Scientists say this paint could eliminate the need for air conditioning

Scientists say this paint could eliminate the need for air conditioning
Representative Image  |  Photo Credit: Pixabay
20 Sep, 2021

Researchers at Purdue University in the United States (US) have set a world record for the whitest paint yet. While the paint was actually developed in October last year, it made its way into the Guinness Book of World Records earlier this month. The scientists claim that coating buildings with this paint were “cool off enough” to reduce the need for air conditioning, thereby eliminating a major cause of global warming today.

“If you were to use this paint to cover a roof area of about 1,000 square feet, we estimate that you could get a cooling power of 10 kilowatts. That’s more powerful than the central air conditioners used by most houses,” said Xiulin Ruan, a professor of mechanical engineering at the university, in a blog post earlier this year.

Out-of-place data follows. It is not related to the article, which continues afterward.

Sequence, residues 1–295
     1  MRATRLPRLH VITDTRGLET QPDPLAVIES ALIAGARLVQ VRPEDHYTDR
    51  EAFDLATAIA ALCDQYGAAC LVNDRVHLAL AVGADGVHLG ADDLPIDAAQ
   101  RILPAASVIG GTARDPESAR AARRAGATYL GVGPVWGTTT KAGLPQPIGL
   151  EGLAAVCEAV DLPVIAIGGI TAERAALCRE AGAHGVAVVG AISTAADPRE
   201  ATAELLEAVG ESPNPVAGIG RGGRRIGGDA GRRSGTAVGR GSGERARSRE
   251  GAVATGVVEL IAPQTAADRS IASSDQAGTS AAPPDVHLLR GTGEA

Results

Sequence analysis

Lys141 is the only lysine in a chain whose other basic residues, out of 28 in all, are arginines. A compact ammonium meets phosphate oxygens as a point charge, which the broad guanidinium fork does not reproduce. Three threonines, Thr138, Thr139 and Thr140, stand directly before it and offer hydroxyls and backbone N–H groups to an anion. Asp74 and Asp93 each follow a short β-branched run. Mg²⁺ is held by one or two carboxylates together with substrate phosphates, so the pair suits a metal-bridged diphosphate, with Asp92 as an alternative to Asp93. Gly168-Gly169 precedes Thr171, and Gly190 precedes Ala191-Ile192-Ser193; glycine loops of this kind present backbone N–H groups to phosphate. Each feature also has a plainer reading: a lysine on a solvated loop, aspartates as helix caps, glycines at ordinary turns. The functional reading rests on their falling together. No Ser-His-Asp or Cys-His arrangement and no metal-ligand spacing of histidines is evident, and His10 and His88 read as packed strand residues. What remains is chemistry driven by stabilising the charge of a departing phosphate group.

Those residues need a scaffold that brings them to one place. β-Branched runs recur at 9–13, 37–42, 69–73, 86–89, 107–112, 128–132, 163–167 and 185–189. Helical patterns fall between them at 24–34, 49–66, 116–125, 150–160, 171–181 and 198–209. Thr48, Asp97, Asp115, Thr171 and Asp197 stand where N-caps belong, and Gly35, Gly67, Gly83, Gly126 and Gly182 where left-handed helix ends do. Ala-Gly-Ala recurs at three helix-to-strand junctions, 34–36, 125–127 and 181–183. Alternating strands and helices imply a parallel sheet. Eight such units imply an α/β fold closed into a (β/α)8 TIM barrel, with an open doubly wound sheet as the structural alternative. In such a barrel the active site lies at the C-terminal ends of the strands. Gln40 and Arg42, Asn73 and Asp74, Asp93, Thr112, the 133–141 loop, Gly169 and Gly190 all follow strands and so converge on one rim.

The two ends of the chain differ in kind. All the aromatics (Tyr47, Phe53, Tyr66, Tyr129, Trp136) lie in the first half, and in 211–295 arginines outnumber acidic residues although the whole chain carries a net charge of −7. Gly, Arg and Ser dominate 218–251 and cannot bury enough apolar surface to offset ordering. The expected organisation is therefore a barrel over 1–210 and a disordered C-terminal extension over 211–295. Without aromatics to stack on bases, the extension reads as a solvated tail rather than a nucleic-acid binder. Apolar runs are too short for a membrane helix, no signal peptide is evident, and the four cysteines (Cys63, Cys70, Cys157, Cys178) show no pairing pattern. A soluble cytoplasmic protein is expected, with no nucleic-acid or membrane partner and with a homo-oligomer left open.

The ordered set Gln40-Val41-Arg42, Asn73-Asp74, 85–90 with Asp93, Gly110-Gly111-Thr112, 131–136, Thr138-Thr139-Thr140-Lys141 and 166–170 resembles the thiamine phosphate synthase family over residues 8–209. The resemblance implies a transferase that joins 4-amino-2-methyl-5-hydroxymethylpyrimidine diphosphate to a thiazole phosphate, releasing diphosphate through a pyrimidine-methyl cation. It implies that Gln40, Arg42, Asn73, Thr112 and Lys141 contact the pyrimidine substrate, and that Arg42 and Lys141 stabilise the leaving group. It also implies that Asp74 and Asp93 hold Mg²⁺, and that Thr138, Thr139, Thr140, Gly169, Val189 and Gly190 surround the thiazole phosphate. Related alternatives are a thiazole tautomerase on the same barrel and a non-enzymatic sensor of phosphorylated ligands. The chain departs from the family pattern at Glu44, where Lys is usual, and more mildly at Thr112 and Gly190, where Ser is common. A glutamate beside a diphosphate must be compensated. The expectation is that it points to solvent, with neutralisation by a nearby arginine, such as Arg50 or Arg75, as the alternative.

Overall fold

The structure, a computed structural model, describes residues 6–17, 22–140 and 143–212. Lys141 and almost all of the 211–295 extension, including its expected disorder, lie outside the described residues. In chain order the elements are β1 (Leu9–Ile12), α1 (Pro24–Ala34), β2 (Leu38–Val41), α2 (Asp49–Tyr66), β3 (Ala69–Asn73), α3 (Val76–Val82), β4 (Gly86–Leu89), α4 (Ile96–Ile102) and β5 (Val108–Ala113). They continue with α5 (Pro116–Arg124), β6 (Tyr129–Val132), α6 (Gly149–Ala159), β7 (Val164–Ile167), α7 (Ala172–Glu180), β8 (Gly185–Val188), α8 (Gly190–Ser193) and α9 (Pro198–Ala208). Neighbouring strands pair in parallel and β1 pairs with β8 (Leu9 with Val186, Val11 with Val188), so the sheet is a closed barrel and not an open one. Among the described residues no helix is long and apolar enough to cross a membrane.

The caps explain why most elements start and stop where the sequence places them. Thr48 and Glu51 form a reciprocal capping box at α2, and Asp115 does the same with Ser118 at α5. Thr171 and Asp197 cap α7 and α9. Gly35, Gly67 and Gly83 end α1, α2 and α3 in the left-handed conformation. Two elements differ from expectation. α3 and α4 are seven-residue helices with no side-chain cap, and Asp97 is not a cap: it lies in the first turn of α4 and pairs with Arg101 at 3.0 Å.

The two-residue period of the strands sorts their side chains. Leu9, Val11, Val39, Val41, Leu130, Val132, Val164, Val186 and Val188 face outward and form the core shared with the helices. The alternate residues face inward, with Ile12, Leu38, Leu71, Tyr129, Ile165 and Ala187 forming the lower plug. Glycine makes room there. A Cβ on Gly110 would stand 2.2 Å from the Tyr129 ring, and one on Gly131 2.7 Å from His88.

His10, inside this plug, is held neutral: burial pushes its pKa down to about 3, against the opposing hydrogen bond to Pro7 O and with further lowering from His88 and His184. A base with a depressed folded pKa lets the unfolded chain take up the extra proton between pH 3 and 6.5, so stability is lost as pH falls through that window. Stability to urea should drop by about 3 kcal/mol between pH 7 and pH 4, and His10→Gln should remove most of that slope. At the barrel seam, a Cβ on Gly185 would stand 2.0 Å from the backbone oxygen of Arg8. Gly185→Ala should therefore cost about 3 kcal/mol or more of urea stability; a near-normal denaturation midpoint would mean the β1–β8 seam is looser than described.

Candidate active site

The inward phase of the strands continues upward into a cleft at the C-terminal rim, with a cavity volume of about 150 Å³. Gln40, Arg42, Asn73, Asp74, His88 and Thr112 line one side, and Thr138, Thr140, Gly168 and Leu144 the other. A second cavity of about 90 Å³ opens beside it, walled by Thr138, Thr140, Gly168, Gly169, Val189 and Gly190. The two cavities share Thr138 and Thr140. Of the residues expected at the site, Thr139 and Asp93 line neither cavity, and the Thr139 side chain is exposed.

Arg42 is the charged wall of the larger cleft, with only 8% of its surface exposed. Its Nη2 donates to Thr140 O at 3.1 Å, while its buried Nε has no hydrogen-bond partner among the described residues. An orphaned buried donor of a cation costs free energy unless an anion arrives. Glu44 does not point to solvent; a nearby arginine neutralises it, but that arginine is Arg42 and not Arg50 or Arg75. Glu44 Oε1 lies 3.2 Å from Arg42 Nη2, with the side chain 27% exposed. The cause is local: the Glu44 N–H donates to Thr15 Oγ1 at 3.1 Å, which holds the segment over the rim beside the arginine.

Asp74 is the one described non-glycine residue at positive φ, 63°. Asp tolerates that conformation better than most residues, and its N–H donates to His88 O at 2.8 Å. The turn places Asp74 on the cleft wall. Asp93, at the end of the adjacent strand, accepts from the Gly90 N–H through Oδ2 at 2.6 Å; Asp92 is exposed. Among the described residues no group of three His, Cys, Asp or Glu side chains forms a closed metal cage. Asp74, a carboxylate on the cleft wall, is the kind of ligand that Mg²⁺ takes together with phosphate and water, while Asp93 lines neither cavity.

The paint is essentially the opposite of Vantablack, the blackest black material developed by British technology company Surrey Nanosystems in 2017. While Vantablack absorbs 99.9% of the light hitting its surface, this new paint reflects 98.1% of sunlight. A previous version of the paint reflected 95.5%, but the scientists improved its efficiency over time. 

“Typical commercial white paint gets warmer rather than cooler. Paints on the market that are designed to reject heat reflect only 80%-90% of sunlight and can’t make surfaces cooler than their surroundings,” the blog post said.

The team also published a research paper on the paint back in April, which was the cover of the ACS Applied Materials & Interfaces journal on April 15. The journal is published by ACS Publication, which is a division of the American Chemical Society. 

According to Xiangyu Li, a postdoc researcher at the Massachusetts Institute of Technology (MIT), who worked on the project, the scientists looked at the commercial products and found that barium sulfate could “theoretically” make surfaces “really, really reflective”, which means that they are “really, really white”.  

“A high concentration of particles that are also different sizes gives the paint the broadest spectral scattering, which contributes to the highest reflectance,” said Joseph Peoples, a Ph.D. student in mechanical engineering at Purdue.